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Most discussions of indoor air pollution and strategies to reduce exposure to dangerous levels of pollutants concentrate on residential homes. But indoor air pollution is not limited to homes. Many offices and office buildings face significant indoor air pollution problems.

Many offices are not adequately ventilated and don't have access to adequate amounts of fresh outdoor air. Individuals working in offices may also have less control over the indoor environment.

Serious health conditions have been linked to building-related problems. Some of the more well-known of these include Legionnaires' disease, asthma, hypersensitivity pneumonitis and humidifier fever.

Some building occupants experience other symptoms that are not typical and difficult to link to a specific indoor air pollution source. This situation has been labeled sick building syndrome. Symptoms include dry or burning sensations in the eyes, nose and throat, nausea, dizziness, sneezing, fatigue, forgetfulness, and more. In addition to indoor air pollution, other building conditions like inadequate lighting, noise, vibration and stress may also contribute to these symptoms.

The World Health Organization estimates that up to 30 per cent of new or remodeled commercial buildings have unusually high rates of health complaints from occupants. Indoor air pollution may be responsible for many of these complaints.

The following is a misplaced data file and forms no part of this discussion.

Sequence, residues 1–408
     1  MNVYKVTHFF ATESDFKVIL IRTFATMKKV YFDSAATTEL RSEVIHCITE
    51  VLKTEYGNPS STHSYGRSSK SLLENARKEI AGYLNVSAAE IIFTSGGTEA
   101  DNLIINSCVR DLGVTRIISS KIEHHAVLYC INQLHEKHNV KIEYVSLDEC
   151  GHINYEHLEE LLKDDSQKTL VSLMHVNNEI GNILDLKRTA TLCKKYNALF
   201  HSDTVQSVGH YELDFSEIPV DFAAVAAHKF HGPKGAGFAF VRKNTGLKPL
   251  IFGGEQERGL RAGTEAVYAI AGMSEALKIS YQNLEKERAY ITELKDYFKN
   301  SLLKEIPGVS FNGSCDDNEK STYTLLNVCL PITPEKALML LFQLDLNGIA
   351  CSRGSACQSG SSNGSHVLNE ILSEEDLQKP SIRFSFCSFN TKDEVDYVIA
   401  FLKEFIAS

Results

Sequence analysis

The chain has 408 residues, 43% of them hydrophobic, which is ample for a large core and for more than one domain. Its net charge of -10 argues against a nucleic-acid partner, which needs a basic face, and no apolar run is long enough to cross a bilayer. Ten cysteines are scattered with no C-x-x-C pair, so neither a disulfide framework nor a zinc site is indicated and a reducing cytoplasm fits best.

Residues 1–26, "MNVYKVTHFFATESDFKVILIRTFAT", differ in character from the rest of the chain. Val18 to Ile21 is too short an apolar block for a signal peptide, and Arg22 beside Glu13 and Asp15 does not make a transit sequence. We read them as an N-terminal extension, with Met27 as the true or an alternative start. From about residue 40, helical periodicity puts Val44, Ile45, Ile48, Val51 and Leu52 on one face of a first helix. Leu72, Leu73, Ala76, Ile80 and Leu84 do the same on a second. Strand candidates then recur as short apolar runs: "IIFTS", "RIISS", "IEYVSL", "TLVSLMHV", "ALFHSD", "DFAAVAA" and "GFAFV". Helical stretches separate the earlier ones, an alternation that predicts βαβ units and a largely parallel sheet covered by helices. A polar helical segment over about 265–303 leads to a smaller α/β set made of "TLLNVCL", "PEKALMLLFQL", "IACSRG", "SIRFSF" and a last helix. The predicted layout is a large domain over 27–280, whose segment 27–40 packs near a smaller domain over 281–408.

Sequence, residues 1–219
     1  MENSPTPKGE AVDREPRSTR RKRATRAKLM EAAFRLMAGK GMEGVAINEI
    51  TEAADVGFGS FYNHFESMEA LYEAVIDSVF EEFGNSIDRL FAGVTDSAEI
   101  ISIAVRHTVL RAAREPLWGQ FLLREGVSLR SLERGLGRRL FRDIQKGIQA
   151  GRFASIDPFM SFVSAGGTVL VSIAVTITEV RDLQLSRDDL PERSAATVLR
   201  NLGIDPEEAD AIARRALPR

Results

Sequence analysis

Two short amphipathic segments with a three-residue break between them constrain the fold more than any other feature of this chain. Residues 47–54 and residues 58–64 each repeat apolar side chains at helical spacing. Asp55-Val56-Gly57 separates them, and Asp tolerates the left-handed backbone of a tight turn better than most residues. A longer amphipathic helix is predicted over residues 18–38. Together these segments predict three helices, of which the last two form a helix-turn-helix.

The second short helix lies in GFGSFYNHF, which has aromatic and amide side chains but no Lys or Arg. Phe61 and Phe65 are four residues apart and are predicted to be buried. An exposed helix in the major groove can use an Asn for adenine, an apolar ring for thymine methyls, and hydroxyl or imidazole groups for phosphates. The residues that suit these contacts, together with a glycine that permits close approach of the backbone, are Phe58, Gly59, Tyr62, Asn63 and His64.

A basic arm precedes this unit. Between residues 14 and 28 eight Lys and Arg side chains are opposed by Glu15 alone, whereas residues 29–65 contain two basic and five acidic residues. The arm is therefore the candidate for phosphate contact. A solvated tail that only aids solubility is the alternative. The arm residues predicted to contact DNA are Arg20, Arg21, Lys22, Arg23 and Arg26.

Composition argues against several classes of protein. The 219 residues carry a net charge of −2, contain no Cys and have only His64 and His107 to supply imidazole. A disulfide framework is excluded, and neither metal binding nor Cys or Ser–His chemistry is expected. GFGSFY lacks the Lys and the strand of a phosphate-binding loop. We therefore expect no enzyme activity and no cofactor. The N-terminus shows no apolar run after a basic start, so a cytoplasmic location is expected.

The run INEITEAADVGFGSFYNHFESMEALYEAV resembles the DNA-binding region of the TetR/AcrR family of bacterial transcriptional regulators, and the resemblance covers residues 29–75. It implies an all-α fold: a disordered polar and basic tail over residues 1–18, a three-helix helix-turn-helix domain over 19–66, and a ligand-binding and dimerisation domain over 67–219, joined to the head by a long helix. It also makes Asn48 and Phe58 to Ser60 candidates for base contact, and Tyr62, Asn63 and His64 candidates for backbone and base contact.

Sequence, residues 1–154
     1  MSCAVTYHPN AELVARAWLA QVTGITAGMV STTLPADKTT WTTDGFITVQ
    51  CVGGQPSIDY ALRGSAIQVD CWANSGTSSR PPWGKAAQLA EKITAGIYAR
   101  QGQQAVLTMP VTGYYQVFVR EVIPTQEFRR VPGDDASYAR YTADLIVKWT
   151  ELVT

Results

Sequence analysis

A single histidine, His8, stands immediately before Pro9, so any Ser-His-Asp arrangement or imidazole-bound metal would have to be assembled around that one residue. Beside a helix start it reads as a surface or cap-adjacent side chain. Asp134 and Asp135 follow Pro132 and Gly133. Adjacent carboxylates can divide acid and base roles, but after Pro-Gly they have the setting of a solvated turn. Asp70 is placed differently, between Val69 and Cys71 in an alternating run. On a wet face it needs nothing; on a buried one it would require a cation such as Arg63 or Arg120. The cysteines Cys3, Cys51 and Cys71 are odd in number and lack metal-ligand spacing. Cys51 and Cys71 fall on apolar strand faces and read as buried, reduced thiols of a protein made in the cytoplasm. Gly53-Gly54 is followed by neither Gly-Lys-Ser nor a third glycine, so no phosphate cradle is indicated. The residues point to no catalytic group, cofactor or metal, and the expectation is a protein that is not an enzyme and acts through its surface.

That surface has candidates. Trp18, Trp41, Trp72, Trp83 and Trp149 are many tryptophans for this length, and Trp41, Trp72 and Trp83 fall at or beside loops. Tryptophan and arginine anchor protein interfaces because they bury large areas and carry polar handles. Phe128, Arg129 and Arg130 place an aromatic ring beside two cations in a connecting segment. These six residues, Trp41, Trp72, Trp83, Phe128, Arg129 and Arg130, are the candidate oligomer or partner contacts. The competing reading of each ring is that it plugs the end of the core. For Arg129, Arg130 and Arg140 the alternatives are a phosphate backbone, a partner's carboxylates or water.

Indoor air pollution problems in office buildings are caused by the presence of indoor air pollution sources, inadequate ventilation systems, and uses of the building for activities other than those for which it was designed.

Many of the same indoor air pollution source found in homes are also found in offices. Offices also may have copying machines, photography and print shops, stronger cleaning and disinfecting chemicals, and pesticides from commercial pest management activities.

Office ventilation systems may be poorly maintained or even unused to save money. In commercial areas, poorly placed intake vents outside could bring in motor vehicle exhaust, dumpster fumes, or other industrial emissions.

Buildings designed for 1 purpose may be converted into office space. If proper modifications were not undertaken during remodeling, restricted ventilation may lead to an increase in indoor air pollution.